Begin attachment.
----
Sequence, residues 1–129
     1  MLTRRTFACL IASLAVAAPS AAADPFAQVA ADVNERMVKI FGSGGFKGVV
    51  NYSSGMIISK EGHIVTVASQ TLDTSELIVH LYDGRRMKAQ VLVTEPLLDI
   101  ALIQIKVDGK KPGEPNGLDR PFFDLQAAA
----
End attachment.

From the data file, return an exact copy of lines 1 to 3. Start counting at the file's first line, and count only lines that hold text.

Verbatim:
Sequence, residues 1–129
     1  MLTRRTFACL IASLAVAAPS AAADPFAQVA ADVNERMVKI FGSGGFKGVV
    51  NYSSGMIISK EGHIVTVASQ TLDTSELIVH LYDGRRMKAQ VLVTEPLLDI